- “Fly-Swatter” savings: This is typically a smaller dollar amount and money moves in and out of these funds quickly. No matter how great your planning and budgeting are, occasionally something comes out of left field, and this “fly-swatter” account is great for just smacking down that annoying thing without much fuss. How much is in these accounts depends on you, your life, and your income. (If you have limited savings, I recommend starting here). Commonly there is little emotional investment in using and refilling this kind of savings because that’s its whole purpose! The purpose of the “fly-swatter” savings is to protect the big savings above. How you name this savings is similar to the first kind of savings… How would you know when it’s time to use these savings? Good examples I’ve seen: “Cracked tooth savings.”, “The car blows up again.”
- Project-based savings: These are the savings or funds that come and go as your life changes. Installing a deck, buying a car, extended time off work, getting a tattoo (yes really), and vacations are all things I’ve seen people set aside money for in these temporary project-based funds. Emily and Noah wanted to work on a down payment for a home!
The Third Way to Save: To Build an Adaptive, Personalized Budget
Of course, this is what Noah, Emily, and I ended up working on. An adaptive, customized budget isn’t just a spreadsheet… it’s a communication tool, and if done properly, it strikes a balance between structure and flexibility.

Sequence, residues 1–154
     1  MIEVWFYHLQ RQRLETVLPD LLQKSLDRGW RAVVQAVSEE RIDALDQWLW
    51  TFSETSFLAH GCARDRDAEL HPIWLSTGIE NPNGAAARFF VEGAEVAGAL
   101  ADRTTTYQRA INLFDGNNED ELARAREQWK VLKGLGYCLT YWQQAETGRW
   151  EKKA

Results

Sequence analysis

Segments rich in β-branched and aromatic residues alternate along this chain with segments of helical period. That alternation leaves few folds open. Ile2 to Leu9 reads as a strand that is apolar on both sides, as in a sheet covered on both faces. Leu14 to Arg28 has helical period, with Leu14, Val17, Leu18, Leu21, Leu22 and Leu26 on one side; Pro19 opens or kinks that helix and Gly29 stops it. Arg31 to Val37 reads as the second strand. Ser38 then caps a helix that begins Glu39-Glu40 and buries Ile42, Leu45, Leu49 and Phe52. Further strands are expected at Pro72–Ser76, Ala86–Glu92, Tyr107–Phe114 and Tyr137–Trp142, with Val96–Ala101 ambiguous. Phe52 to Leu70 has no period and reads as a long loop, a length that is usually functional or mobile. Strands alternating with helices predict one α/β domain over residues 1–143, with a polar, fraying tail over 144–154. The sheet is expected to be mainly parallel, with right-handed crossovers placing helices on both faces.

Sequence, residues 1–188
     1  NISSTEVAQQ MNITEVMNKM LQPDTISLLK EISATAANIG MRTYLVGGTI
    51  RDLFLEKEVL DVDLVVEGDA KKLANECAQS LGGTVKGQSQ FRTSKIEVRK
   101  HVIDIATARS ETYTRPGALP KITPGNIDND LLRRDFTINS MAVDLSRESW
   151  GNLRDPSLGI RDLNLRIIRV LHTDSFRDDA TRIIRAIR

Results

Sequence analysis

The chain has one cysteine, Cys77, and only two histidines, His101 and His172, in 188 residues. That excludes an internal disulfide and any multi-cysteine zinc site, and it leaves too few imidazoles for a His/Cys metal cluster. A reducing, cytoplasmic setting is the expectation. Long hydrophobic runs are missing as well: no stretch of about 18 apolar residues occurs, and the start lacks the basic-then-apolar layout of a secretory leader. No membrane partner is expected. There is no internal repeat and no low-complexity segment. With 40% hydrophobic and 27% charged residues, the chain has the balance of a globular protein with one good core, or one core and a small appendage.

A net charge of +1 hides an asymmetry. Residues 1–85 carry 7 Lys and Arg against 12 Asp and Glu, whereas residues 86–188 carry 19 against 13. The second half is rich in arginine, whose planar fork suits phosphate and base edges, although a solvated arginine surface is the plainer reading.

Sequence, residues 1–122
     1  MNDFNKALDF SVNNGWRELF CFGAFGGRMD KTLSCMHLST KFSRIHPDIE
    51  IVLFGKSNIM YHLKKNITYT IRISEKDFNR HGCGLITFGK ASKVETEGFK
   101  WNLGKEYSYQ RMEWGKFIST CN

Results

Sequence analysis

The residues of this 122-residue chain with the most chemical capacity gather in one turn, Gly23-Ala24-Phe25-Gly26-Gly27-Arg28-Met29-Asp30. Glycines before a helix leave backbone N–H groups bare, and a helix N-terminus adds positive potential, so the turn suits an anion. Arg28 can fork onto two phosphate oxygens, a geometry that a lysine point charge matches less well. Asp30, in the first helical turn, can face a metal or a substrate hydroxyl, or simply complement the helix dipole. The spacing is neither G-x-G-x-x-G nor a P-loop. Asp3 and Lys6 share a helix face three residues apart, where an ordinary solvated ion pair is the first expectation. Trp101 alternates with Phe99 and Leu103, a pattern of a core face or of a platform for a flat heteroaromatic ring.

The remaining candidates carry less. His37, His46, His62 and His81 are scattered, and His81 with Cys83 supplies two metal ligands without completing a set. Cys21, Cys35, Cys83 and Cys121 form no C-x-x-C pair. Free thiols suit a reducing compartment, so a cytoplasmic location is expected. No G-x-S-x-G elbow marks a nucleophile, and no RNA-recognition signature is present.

An adaptive, evolving, customized budget cannot be downloaded off the internet and then plugged into your life. Those premade, prescriptive, restrictive budgets might work for a month, and then your life changes and it won’t keep up. Your June probably looks different than your December, for example, and you’ll need a slightly different system for each month.
Your life WILL change. And I want change for you! Imagine how boring it would be if you could successfully spend exactly the same amount of money on the exact same things month after month, year after year. Your budget, spending plan, or whatever you call it, MUST change with you. Whether the changes to your life are choices you made or choices that were made for you, your budget must adapt. It must be the right balance of structure and flexibility. Structure means you can carry forward your goals, flexibility means your life can change!
And it must be customized TO YOU. Which means it must comply with your life. A customized budget gets easier to use over time, not harder, and it should be intuitive. Your customized budgeting plan should reflect your values and priorities. And that’s just what Noah and Emily did! In addition to paying down their debt and building savings, they now have an easy-to-use budgeting system that complies with their life, their priorities, and what they want out of their future.
Building savings as a couple in one of the most expensive cities in the United States is very possible! And you’re probably much closer than you think you are! What would your lives look like if you had a budgeting and communication system that made talking about money easier WHILE building your savings?
Next recommended article: Debt free in NYC
Start Building Healthy Savings as a Couple With The Help of an Online Financial Coach in New York!
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2. Begin meeting with me, Hanna Morrell, a skilled online financial coach for couples